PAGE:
You should approach this article with skepticism.
As we have said, while beliefs are an important component of religion, they are not the most important part about being a Hindu. A Hindu can reject nearly all the usual teachings of Hinduism and still confidently call herself a Hindu if she belongs to a Hindu community and performs the normal behaviors.
So, what do Hindus believe?
Hindu beliefs can be extremely diverse. Since Hinduism was formed as an amalgamation of several belief systems and not from one common source, it is very hard to identify some universal beliefs that apply to most Hindus.
So, you should cautiously approach anyone who says, “This is what Hindus believe.”
Instead of trying to give a full systematic theology for Hinduism (which doesn’t exist), I’ve pulled out five things that most Hindus will incorporate into their belief systems, as well as how they talk and act.
Five things Most Hindus Would Agree With
1. There is authority in the Vedas
The Vedas are a set of ancient scriptures that focus on the proper way to perform certain rites. The oldest of them was written around 1000 BC. The Vedas are more concerned with behaviors and practices than outlining a belief system. So while there are similarities with the Quran, Torah, and Bible, they are not the same thing.
They hold an authoritative position in Hinduism because they are so ancient. Modern Hindus still ascribe a lot of value to something being “Vedic”. An extremely rough comparison is to the phrase “constitutional” for US Americans. Very few people have read or understood either the Vedas or the US Constitution, and many of the ideas are carried much farther than perhaps were originally intended. But both of them remain the standard for claiming authority and legitimacy in their respective cultures.
2. There is one God
This one might surprise you. You thought Hinduism was polytheistic, right?
It is true there are thousands (if not millions) of gods within Hinduism. But nearly every Hindu will claim that in the end, God is one. Hindus disagree on the name for that one God and what form he/she takes, but they will agree that God is the spiritual, all-powerful creator of the universe.
If you are speaking in an Indian language, you will hear a wide diversity of terms used for “God”. However, nearly all of them translate into English as “God”. Therefore, when you are discussing “God” with your Hindu friends in English, you may feel they sound very similar to how Christians use the same term or how Muslims talk about Allah, yet the differences might be profound.
One unique point within Hindu beliefs is the strong connection between atman and God. Atman is sometimes translated as “soul” or “true self”. Most Hindus believe there is a part of the universal “God” living in each soul.
3. The universe has some control over our lives
Across economic, educational, social, and regional sections of India, most Hindus believe in the power of the universe to control the events of our lives. This is most often expressed in a deep interest and respect for astrology.
Swami Dayanand Bharati says, “From birth to death nothing is more dominant among Hindus than astrology”. All major life events, business dealings, and even political campaigns are subject to astrological assessment. If a certain planet is in an “inauspicious” place, a contract will be delayed, a potential spouse will be rejected, or a caesarean section delivery will be preponed.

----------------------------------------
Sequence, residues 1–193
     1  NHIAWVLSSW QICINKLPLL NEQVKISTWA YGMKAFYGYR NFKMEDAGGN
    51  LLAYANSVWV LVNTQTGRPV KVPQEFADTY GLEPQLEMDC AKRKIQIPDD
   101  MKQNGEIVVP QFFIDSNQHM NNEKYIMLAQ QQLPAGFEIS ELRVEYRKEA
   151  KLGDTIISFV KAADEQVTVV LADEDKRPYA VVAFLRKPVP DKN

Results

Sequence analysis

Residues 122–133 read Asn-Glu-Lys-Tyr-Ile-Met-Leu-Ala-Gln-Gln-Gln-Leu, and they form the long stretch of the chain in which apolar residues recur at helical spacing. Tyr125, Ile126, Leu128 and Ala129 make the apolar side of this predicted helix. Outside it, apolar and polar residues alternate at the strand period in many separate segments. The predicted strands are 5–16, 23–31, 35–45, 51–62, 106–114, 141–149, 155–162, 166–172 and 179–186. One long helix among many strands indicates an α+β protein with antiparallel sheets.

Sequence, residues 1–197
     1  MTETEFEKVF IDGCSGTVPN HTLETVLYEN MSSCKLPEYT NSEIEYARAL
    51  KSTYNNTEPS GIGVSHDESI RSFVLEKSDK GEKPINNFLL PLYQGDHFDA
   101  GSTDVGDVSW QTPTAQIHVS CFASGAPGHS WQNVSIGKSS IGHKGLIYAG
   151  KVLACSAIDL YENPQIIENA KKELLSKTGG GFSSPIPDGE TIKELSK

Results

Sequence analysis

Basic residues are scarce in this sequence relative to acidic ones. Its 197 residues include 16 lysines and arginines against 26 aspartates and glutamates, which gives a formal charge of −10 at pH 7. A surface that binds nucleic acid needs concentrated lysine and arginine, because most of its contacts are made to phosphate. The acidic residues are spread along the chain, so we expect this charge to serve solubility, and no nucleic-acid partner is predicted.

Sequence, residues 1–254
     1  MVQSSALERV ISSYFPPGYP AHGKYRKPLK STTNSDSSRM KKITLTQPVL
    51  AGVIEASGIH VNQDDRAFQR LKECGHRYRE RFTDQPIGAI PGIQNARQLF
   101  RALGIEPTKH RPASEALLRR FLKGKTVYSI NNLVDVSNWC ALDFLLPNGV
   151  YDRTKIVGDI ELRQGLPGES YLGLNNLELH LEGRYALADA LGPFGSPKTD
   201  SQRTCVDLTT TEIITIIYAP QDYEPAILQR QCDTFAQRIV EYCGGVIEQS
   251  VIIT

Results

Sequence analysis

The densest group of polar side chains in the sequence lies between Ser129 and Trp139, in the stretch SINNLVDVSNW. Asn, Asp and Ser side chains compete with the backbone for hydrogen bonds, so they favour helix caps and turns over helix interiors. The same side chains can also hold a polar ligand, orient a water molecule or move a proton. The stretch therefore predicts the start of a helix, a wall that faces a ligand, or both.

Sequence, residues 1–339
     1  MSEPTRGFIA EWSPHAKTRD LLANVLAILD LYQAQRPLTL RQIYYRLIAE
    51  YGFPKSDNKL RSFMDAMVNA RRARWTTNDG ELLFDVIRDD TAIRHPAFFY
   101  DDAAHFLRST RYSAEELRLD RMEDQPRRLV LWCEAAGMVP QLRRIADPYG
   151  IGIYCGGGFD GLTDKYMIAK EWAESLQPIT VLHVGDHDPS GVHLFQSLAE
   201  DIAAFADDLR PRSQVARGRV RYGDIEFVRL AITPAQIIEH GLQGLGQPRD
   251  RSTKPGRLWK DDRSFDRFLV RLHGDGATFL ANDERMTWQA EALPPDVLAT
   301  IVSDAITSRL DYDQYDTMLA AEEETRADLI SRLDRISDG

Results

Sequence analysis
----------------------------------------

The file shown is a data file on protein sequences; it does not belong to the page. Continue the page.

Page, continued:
This belief in the power of the universe’s ability to interfere with life is one of the most practical beliefs of Hindus and affects someone’s daily life as much as any other belief.
4. The four aims of life are pleasure, prosperity, dharma, and liberation
The Sanskrit terminology is kama, artha, dharma, and moksha. I mention these here not because Hindus grow up repeating these four things, but because of how you see them reflected in their practical lives.
In theory, these four things make up a hierarchy. Pleasure is an aim of life and not condemned, but most would say there is something better. Prosperity is celebrated and desired at all levels of society. While renunciation is also a theme in Hinduism, seeking and obtaining material comforts has always been accepted as a valid aim in life.
Dharma and moksha are supposed to be more elevated aims and guide the first two. We’ve discussed the importance and centrality of dharma elsewhere, but it determines to what extent pleasure and prosperity are pursued. Moksha refers to being released from the cycles of rebirth. While most Hindus would agree with its importance, it is usually too abstract of a concept to affect day-to-day lives.
5. Bhakti is the way to God
Hinduism has presented several paths to reach God, but none has been so popular in the last few centuries as bhakti, best translated as “devotion”. Bhakti offers a path to liberation through showing complete devotion to one particular god. All worship and praise should be offered to that one god, and other gods are seen only as manifestations of the true god.
Usually there is a family god (kula devata) that people will worship, but individuals are also permitted to take on a personal god (ishta devata) as well.
Bhakti often involves special songs, functions, and meditative chants directed at that god.
There are other common beliefs beyond these five, such as renunciation, ahimsa, reincarnation, karma, and others. However, there is either some debate on how universal these beliefs are, or they simply do not make it into the consciousness of practical life very often in my opinion.
Looking at a Hindu’s beliefs is a great step towards building more understanding in living and working with them. These five beliefs are a part of the core of the worldview of most Hindus. If you start with these, you will be able to have a better foundation for a relationship with the Hindus in your life.
Image Credit: Prabhu Doss on Flickr